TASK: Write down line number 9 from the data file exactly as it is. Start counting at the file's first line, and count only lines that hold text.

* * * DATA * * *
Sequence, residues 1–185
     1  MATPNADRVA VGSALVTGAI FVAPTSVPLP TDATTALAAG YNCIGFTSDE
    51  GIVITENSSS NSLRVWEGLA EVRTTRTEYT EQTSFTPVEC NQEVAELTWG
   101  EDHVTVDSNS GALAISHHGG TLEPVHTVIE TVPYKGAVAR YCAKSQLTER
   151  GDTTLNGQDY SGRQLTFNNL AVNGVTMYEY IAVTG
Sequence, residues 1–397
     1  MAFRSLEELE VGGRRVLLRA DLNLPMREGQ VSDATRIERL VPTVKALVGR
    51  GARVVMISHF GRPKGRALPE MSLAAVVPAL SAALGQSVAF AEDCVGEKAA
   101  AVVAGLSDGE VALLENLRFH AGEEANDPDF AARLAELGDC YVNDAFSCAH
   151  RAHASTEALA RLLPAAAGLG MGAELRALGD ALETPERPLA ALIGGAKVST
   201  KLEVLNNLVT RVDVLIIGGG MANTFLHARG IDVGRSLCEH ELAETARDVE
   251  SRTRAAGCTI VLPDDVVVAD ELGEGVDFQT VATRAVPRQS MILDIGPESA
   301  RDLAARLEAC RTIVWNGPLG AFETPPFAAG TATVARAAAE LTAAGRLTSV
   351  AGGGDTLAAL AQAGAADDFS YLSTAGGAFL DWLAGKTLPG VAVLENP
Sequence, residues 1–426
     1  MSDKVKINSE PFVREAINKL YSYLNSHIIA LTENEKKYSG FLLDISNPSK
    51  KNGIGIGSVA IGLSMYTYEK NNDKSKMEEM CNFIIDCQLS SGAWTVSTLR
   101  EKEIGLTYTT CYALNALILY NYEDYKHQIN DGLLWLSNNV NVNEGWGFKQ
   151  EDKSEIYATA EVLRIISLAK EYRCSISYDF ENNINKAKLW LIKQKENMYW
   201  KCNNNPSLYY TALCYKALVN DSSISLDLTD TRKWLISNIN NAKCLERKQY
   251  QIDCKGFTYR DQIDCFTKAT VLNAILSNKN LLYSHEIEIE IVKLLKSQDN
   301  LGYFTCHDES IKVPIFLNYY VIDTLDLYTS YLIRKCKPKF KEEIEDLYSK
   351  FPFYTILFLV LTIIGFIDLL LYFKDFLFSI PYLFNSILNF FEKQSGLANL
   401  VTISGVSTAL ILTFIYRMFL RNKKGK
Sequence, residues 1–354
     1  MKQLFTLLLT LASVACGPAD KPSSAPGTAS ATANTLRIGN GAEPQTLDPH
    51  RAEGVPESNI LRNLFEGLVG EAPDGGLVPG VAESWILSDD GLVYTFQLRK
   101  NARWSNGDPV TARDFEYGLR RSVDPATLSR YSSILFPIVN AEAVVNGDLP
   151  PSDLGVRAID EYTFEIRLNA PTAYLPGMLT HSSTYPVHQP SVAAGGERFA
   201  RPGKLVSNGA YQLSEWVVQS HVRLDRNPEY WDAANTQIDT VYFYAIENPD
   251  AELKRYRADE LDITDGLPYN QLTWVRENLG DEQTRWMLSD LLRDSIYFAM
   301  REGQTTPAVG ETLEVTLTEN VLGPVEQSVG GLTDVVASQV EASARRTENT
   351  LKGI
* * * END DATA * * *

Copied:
   101  AVVAGLSDGE VALLENLRFH AGEEANDPDF AARLAELGDC YVNDAFSCAH